Apple, Facebook, Snapchat, and Twitter have legally opposed POTUS’s travel ban – Shona Ghosh, Business Insider UK

Legal challenges to President Trump’s travel ban are flying in thick and fast.People protest against President Donald Trump's travel ban in New York City, U.S., February 1, 2017. REUTERS/Brendan McDermid People protest against President Donald Trump’s travel ban in New York.Thomson Reuters

The latest is a brief from 97 tech firms, including Microsoft, Apple, Facebook, and Google, filed Sunday as part of a case brought by Minnesota and Washington State against the travel ban.

The companies have filed something called an amicus brief, which can be filed by parties which have a strong interest in the case but aren’t directly taking part.

According to Bloomberg, the brief outlines the importance of immigrants to the US economy. It says:

“Immigrants make many of the Nation’s greatest discoveries, and create some of the country’s most innovative and iconic companies. America has long recognized the importance of protecting ourselves against those who would do us harm. But it has done so while maintaining our fundamental commitment to welcoming immigrants—through increased background checks and other controls on people seeking to enter our country.”

Other companies listed include Netflix, Spotify, Lyft, and LinkedIn.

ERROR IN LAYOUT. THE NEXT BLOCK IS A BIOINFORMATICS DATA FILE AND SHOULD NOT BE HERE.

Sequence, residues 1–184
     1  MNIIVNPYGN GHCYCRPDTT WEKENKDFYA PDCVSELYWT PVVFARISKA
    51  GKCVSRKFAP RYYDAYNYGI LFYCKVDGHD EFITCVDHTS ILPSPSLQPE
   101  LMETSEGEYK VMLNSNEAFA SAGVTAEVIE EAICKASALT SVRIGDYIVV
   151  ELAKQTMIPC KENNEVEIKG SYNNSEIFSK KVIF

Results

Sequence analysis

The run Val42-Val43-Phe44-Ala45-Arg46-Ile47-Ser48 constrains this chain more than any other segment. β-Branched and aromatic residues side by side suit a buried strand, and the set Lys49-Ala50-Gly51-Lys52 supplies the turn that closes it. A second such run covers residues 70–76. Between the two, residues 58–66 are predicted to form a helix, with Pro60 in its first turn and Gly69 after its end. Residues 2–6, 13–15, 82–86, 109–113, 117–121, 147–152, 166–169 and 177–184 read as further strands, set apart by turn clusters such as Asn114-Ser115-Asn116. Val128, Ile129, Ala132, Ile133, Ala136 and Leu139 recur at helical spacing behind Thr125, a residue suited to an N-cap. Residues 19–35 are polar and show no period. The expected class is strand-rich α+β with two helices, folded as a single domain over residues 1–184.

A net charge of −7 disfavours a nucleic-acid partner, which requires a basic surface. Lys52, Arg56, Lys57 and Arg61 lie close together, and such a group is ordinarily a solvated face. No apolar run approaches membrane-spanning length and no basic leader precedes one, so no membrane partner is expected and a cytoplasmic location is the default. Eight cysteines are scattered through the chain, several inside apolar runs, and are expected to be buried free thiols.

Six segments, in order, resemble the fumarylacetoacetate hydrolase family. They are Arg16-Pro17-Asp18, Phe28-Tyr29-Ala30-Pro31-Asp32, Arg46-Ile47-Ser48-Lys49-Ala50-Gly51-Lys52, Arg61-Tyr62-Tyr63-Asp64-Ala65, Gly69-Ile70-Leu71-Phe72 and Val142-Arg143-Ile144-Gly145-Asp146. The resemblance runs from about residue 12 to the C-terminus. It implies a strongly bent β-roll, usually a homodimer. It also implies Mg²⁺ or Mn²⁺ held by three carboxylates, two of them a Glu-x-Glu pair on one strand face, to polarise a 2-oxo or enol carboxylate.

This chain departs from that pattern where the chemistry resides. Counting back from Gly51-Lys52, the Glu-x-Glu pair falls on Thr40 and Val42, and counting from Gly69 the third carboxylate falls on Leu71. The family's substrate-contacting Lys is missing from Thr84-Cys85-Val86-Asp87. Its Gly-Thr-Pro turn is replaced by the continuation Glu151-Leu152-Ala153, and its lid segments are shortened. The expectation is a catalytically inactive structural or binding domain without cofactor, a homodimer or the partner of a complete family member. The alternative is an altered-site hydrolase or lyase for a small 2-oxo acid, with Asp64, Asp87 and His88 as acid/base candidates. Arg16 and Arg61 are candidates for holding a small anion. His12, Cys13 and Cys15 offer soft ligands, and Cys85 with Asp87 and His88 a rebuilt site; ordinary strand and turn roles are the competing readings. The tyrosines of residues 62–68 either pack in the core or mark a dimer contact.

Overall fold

Amazon is not among the companies on the amicus brief, but executives filed legal documents earlier this week acknowledging its employees would be directly affected by the ban.

Tesla is also missing from the list. CEO Elon Musk sits on Trump’s business advisory council, which had its first meeting on Friday. The meeting is not public, and Musk subsequently tweeted that he had put immigration top of the agenda.

Uber does appear on the list. CEO Travis Kalanick resigned his position on Trump’s council a day before its first meeting after massive outcry among Uber’s users.

Trump’s team is appealing the case in the 9th Circuit Court of Appeals, after a federal judge temporarily suspended the travel ban last week. Trump took to Twitter over the weekend to attack the judge, James Robart, calling his decision “ridiculous”. It’s expected that the appeals court will make a decision on Monday on whether to block Robart’s order.

Here’s the brief in full:

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